Brookfield Trustees Ron Haun and Gary Lees have agreed to extend AEP Ohio’s contract for electric aggregation in the township for another three years.
Trustee Dan Suttles voted no, saying he wanted to shop around and see if AEP’s proposal was the best deal. “I never buy the first car I look at,” he said.
The deal means that residents who stay with AEP or opt in will see lower electric rates than what AEP is now charging, and the township will get a $25,000 grant to spend as the trustees please.
The trustees met via Zoom on July 16 with Jay Sell of Aspen Energy Consultants, which acts as a middle man putting together aggregation programs. Sell noted Aspen is paid by the energy companies when deals are made, and the township owes him nothing. Aspen was the consultant when the trustees signed with AEP almost three years ago, and the relationship factored into the decisions by Lees and Haun.
promoUnder the three-year deal, which begins in March, when the current pact ends, AEP will charge 5.316 cents per kilowatt hour of electrical use, down from 5.395 under the existing contract.
That may not seem like a lot, but from a township-wide perspective, the about 4,000 customers would save a total of about $90,000, Sell said.
Sell said he sought proposals from two other companies, and AEP offered the best deal. The company does a great job on price, service and administration of aggregation programs, he said. “We strongly believe AEP is a great supplier,” Sell said.
Suttles asked if Energy Harbor, the new name for what had been First Energy Solutions, the supply arm of First Energy, had been contacted, and Sell said it had not. Sell offered to check with Energy Harbor, and ask for prices based on a different size of the grant; he noted that some companies offer a grant based on volume, which AEP is not proposing, and that the size of grant impacts the rate charged to customers.
While the trustees did not need to make a decision until January at the latest and it is possible AEP’s rate could go down further based on market forces, it’s also possible the rate could go up and other aspects of the offer could change. The AEP proposal is “the strongest offer we’re gonna find,” Sell said. “We do have a strong rate we can do today.”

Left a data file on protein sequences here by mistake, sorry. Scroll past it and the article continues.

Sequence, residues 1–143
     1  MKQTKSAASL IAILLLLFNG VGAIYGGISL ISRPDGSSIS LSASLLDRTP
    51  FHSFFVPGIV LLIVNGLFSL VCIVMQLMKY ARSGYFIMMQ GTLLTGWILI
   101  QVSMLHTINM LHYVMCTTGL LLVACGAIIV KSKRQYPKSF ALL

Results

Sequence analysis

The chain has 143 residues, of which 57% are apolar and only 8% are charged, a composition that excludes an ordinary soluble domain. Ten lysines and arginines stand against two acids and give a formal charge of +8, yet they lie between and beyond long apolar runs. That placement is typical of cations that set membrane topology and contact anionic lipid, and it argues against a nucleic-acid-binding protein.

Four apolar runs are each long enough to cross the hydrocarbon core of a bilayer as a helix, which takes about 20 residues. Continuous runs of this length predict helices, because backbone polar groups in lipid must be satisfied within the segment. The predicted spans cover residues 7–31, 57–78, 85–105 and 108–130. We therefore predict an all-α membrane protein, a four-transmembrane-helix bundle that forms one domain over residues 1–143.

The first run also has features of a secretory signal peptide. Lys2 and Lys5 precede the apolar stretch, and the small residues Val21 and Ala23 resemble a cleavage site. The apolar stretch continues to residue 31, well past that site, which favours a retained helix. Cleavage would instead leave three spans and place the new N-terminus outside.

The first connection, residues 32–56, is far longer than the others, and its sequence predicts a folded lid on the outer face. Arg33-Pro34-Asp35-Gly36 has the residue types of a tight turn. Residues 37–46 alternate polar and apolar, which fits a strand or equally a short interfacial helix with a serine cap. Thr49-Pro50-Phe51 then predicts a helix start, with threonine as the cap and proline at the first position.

Haun and Lees said there was no need for further research. Haun said he looked at consistency as a benefit to township residents, and noted that residents who want to have another electric supplier may opt out of the AEP program at no cost. Residents are not supposed to have to do anything to receive the new rate.
The contract has been a “win-win,” Lees said. If there was a better deal out there, Sell would have found it, Lees said. “I’m content with what we’ve had in the past,” Lees said. “I’m ready to go.”
Under the current contract, AEP supplied a $100,000 grant. The trustees used that money and $35,000 in matching grants from the Strimbu, Kirila and O’Brien foundations to erect a decorative fence at the cemetery; extend electric service and put in an electronic gate at Brookfield Township Community Park; install an electronic sign in Brookfield Center to notify residents of meetings and events; and buy a columbarium for cremated remains at the cemetery, which has been ordered.
The trustees have not discussed how to spend the $25,000 grant it will receive under the new contract.